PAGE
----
Dark Mirror: Edward Snowden and the American Surveillance State – Barton Gellman

About the Book

Edward Snowden chose three journalists to tell the stories in his Top Secret trove of NSA documents: Barton Gellman of The Washington Post, Glenn Greenwald of The Guardian and filmmaker Laura Poitras, all of whom would share the Pulitzer Prize for Public Service. Poitras went on to direct the Oscar-winning Citizenfour. Greenwald wrote an instant memoir and cast himself as a pugilist on Snowden’s behalf.

Gellman took his own path. Snowden and his documents were the beginning, not the end, of a story he had prepared his whole life to tell. More than 20 years as a top investigative journalist armed him with deep sources in national security and high technology. New sources reached out from government and industry, making contact on the same kinds of secret, anonymous channels that Snowden had used. Gellman’s reporting unlocked new puzzles in the NSA archive. And as Snowden’s revelations faded somewhat from the public consciousness, the machinations he exposed continue still, with many policies unaltered despite societal outrage.

Dark Mirror is a true-life spy tale that touches us all, told with authority and an inside view of extraordinary events. Within it is a chilling personal account of the obstacles facing the author, beginning with Gellman’s discovery of his own name in Snowden’s NSA document trove. Google notifies him that a foreign government is trying to compromise his account. A trusted technical adviser finds anomalies on his laptop. Sophisticated impostors approach Gellman with counterfeit documents, attempting to divert or discredit his work. Throughout Dark Mirror, the author wages an escalating battle against unknown digital adversaries who force him to mimic their tradecraft in self-defense.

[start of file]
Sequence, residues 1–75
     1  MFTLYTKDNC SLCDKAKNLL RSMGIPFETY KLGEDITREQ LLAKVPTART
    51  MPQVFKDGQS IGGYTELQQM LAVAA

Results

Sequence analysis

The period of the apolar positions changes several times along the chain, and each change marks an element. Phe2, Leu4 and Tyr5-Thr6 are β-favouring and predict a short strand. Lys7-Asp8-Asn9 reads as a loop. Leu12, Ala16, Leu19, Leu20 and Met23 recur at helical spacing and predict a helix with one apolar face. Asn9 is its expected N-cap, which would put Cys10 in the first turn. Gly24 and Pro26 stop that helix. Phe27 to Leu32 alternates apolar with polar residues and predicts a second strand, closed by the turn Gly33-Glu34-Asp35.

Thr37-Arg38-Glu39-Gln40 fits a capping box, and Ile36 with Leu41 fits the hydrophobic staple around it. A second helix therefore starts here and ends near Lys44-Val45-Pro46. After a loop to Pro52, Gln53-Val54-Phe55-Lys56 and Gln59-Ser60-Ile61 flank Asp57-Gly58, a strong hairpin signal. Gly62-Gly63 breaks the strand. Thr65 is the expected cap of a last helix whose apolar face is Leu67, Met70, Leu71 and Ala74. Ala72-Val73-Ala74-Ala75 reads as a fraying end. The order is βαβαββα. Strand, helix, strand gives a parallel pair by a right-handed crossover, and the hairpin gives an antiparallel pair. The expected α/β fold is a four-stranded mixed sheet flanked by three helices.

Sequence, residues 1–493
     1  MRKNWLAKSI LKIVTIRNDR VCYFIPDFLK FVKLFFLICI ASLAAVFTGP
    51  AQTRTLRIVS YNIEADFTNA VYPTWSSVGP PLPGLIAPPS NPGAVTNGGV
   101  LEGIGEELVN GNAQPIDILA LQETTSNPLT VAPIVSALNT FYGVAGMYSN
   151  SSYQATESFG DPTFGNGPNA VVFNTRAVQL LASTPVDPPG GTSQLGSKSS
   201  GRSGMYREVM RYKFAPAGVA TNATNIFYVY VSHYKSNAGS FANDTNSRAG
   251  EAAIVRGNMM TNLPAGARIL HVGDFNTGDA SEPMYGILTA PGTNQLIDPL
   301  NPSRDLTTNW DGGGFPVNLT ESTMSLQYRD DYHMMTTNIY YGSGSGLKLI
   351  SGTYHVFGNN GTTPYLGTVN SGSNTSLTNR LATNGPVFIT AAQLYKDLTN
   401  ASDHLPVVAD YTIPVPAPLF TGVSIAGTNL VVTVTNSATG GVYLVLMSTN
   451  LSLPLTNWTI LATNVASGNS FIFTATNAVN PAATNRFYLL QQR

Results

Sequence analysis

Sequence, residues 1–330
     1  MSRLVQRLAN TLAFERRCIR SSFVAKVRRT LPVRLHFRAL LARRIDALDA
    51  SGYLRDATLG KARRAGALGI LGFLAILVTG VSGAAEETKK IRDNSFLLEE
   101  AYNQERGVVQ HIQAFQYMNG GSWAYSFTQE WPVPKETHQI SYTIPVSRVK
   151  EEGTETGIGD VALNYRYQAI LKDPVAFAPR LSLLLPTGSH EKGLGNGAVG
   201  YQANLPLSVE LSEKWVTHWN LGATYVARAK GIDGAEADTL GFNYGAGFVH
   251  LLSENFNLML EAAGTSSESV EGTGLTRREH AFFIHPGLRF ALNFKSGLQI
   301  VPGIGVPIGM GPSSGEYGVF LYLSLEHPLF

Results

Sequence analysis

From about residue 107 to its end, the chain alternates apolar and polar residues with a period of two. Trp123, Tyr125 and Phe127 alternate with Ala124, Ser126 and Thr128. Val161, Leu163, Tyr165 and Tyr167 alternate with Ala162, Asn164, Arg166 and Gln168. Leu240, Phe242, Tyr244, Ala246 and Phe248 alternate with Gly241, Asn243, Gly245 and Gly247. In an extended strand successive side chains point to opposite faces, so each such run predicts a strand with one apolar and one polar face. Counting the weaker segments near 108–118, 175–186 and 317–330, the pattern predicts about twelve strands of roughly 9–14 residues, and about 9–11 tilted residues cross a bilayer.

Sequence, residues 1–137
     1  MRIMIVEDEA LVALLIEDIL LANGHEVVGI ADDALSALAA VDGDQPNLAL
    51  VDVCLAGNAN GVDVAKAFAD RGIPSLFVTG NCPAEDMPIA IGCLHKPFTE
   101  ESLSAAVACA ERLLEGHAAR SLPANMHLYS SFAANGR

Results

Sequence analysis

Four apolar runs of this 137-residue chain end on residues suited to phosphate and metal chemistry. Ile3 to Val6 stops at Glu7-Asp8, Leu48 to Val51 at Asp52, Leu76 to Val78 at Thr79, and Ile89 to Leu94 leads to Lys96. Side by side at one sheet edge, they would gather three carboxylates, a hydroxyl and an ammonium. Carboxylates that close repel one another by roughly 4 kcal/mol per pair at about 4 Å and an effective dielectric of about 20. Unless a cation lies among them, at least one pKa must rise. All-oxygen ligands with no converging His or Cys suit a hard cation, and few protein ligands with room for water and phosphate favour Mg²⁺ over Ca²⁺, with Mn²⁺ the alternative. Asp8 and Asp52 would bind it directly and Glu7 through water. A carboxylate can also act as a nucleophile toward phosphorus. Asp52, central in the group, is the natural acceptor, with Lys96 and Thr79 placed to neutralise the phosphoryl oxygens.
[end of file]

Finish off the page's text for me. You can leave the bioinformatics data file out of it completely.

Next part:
With the vivid and insightful style that marked Gellman’s bestselling AnglerDark Mirror is an inside account of the surveillance-industrial revolution and its discontents, fighting back against state and corporate intrusions into our most private spheres. Along the way, and with the benefit of hindsight, it tells the full story of a government leak unrivaled in drama since All the President’s Men.